Today Apple launches iTunes 7.2, which you may already have downloaded through the program’s Update feature. This wouldn’t be really any news if it weren’t for the main change included in this new version: “Support for iTunes Plus“.
Apparently this is how they’re going to call the new DRM-free tracks which Apple will be selling via the iTunes Store, after the deal they signed with EMI back in April. According to the terms of this agreement, the whole EMI music catalogue will be included in the iTunes store and sold without DRM, that is, without the limitations what prevent you from copying those tracks onto your portable MP3 player or recording them to a CD.
These DRM-free songs will be a little above the standard iTunes price ($1.29 each) but will also offer a higher sound quality, as they’re encoded at 256 kbps instead of the 128 kbps of current iTunes tracks.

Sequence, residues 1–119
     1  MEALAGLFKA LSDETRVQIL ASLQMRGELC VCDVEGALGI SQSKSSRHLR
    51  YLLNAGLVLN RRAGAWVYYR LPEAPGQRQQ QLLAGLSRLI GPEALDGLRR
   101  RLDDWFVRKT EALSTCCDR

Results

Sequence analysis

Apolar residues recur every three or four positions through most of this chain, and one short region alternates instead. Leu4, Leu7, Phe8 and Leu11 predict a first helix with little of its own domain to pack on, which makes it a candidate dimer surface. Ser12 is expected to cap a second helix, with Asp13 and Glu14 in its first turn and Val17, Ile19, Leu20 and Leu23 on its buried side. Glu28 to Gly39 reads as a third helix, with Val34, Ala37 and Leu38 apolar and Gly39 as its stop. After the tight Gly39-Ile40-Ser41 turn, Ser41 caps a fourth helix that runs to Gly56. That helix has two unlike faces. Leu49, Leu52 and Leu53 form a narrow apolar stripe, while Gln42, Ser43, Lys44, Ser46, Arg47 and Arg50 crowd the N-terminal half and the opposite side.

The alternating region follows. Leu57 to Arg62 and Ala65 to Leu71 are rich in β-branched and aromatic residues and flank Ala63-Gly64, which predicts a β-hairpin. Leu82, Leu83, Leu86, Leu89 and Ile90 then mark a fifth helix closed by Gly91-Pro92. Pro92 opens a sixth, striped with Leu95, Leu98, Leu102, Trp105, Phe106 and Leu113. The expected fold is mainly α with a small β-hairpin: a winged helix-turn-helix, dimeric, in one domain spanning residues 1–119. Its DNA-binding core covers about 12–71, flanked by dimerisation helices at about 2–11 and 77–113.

The EMI-Apple agreement will turn the relationship between music and Internet upside down. While music companies seem to worry only about monetary profit and not so much about their clients –us music lovers, this deal will hopefully establish a precedent. In Steve Jobs’ words:
Selling digital music DRM-free is the right step forward for the music industry
I think the industry needs to understand that, in the battle for music rights, sometimes resigning to your so-called enemy is the best and fastest way to victory. It’s not about imposing more and more legal limitations to music online distribution, which is actually hard –if not impossible to stop. It’s about finding a balance between company profits and consumer satisfaction. Eric Nicoli, CEO of EMI group, summarizes it pretty well:
Apple has been a true pioneer in digital music, and we are delighted that they share our vision of an interoperable market that provides consumers with greater choice, quality, convenience and value for money.